It was Mr. Knudsen who came up with the scratch-and-sniff idea for the brochures.

"Living in the MTV society we do, there's such a need for an attention grabber to get people to read anything," he said.

But producing a scratch-and-sniff manure odor that smelled like the real thing was difficult.

"It took us about a year to find a company that would actually take the project," he said. "They literally turned their nose up at us and said we want nothing to do with it."

Perhaps for good reason. Mr. Knudsen said the company that took the order evacuated its plant for the first time in its history during work on the manure scratch-and-sniff because the odor was so bad.

In Fulton County, Soil and Water Conservation District board member Bill Shininger pressed for a local brochure after officials saw the Michigan one.

The 42-year-old farmer who raises 1,300 acres of corn, soybeans, and wheat in Fulton and Lenawee counties said he has never had complaints from neighbors and does not farm near subdivisions.

But he sees the brochure as a proactive step for agriculture in Fulton County where the population grew 9.3 percent between 1990 and 2000.

"I just hope that people are aware of some of the customary things that happen in the country," he said. "There seems to be somewhat of an exodus from the city this way."

It will take more than a scratch-and-sniff manure brochure to change that trend, however, said Larry Neuenschwander, a farmer and a real-estate agent with Joe Newlove Real Estate & Auctions in Wauseon.

He said he would hand out the brochure to clients with questions, but he doubted that it would discourage many from moving to rural areas.

Promoters of the brochure hope real-estate agents, banks, and mortgage companies will be the primary distributors of the brochures. Organizers are saving the pricey scratch-and-sniff stickers for those copies, which they hope will land in the hands of people considering a move to the country.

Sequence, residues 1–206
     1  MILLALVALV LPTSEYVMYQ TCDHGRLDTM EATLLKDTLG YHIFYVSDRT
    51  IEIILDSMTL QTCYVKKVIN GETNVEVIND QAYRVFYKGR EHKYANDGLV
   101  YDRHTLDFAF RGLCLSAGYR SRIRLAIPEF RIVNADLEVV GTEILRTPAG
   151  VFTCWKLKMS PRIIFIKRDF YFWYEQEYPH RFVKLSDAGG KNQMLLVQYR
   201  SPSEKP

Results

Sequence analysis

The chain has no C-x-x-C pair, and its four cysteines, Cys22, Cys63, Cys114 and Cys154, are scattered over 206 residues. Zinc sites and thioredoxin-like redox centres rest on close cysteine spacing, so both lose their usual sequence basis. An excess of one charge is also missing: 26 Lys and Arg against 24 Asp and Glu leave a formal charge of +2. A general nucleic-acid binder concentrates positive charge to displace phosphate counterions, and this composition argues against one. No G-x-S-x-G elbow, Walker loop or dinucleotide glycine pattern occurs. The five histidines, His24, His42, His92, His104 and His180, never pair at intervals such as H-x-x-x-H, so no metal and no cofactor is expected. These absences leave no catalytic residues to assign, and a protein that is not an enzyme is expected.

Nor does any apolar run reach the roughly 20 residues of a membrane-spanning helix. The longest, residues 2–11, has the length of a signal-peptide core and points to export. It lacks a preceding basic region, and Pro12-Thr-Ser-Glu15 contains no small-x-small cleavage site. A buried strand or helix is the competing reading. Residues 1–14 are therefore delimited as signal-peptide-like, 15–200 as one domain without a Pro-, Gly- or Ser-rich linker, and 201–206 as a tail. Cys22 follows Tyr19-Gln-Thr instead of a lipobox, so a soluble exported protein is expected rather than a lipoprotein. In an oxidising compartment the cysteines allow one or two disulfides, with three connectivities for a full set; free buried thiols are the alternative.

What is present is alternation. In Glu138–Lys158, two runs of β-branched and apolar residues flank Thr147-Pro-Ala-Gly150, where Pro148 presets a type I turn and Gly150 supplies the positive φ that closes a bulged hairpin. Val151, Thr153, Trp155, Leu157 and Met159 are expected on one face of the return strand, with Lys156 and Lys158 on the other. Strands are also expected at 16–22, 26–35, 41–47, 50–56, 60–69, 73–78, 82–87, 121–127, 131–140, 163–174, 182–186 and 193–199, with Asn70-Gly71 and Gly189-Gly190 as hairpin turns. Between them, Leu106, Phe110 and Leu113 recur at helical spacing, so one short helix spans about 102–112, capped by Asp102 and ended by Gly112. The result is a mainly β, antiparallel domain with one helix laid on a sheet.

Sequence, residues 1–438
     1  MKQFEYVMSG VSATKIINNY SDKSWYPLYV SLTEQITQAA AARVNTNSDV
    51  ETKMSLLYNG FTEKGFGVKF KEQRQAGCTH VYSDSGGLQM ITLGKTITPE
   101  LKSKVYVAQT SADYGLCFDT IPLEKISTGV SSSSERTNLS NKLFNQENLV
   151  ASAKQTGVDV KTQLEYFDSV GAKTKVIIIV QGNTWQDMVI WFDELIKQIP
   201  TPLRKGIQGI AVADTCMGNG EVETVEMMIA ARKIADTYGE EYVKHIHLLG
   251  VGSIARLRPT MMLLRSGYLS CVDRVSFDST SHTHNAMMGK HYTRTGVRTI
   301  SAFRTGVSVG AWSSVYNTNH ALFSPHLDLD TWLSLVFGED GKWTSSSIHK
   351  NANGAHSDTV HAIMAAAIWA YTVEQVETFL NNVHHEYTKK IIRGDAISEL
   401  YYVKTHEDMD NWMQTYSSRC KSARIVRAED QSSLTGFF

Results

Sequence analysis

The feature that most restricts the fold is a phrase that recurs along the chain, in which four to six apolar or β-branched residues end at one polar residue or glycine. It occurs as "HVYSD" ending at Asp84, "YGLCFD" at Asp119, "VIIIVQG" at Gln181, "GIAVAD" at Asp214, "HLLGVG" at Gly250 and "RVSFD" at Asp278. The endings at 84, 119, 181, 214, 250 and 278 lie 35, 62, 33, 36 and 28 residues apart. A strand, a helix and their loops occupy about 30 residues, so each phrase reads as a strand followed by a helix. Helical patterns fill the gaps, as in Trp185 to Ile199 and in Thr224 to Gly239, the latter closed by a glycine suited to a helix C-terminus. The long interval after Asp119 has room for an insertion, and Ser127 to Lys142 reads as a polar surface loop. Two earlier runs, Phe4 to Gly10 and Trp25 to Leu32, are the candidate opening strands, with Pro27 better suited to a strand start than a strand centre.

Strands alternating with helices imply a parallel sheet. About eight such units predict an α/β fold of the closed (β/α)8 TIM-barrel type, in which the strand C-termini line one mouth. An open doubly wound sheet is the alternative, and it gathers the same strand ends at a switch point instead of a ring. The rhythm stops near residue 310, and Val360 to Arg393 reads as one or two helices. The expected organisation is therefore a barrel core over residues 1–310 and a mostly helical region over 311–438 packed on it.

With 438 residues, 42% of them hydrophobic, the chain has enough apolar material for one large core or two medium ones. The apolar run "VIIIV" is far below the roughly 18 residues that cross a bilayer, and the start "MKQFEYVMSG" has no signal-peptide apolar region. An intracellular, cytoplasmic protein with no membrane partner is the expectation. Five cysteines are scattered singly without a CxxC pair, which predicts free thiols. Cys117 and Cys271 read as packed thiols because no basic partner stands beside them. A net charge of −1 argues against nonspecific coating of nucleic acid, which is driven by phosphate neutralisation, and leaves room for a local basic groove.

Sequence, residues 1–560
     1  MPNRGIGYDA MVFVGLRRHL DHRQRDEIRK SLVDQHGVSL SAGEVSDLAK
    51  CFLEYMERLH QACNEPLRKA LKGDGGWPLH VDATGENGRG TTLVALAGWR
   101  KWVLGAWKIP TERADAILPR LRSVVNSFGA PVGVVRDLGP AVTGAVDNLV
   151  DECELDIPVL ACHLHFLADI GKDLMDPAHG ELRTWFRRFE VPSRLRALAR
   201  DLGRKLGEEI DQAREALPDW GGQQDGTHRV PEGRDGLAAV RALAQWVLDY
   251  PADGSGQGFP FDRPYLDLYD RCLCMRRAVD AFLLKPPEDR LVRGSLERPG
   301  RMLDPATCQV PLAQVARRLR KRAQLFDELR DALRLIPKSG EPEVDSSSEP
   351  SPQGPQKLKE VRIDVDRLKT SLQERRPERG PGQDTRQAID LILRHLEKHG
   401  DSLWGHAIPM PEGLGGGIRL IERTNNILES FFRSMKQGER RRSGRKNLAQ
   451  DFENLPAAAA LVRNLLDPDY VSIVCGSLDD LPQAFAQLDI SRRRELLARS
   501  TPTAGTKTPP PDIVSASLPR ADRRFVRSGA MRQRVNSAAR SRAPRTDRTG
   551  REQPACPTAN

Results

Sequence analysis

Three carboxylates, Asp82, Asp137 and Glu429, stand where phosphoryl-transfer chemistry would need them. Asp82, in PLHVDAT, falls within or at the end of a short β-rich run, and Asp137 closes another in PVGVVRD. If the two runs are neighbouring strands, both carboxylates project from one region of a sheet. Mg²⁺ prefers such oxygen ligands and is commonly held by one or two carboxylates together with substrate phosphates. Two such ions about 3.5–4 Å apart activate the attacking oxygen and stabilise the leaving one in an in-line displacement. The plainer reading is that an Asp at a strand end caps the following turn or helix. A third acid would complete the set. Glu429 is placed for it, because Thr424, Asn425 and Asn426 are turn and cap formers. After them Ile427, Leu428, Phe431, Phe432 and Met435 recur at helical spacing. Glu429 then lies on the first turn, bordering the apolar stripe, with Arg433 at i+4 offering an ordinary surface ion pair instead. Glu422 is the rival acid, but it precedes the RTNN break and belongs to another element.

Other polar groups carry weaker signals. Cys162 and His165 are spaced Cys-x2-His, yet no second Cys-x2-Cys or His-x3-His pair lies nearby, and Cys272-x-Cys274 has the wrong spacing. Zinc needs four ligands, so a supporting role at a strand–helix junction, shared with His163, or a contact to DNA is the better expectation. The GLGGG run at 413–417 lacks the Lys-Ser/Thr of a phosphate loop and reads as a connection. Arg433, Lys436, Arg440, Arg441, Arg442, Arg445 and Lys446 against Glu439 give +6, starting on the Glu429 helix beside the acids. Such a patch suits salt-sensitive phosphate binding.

The first brochures, which are to be distributed at the Fulton County Fair next month, will not have the scratch-and-sniff panel, said Leitha Sackmann, a coordinator with the county's regional planning commission.

The planning commission is expected to put $200 toward printing the brochures and officials are asking Ohio State University, Fulton County Health Department, and Farm Bureau to contribute as well.

The draft brochure makes no mention of the size of farms, but Fulton County is in the midst of the rural counties where large dairy farms are being built.

To Norm Carpenter, a trustee of the Wood County Citizens Opposed to Factory Farms which opposes large livestock farms throughout the region, the taxpayer money allocated for Fulton County's brochures would have been better spent to put a moratorium on such farms.

Mr. Carpenter, traffic and safety director for the Wood County Highway Department who farms 300 acres, said he hoped that residents do not feel powerless in disputes with farmers after reading the brochure. One section urges readers to keep agriculture viable in Fulton County by refraining from "any actions that would discourage farmers from conducting standard farming practices on agriculturally zoned property."

"I realize what they're saying and yet there's a limit," he said, questioning how officials would define standard farming practices.

Contact Jane Schmucker at: or 419-724-6102.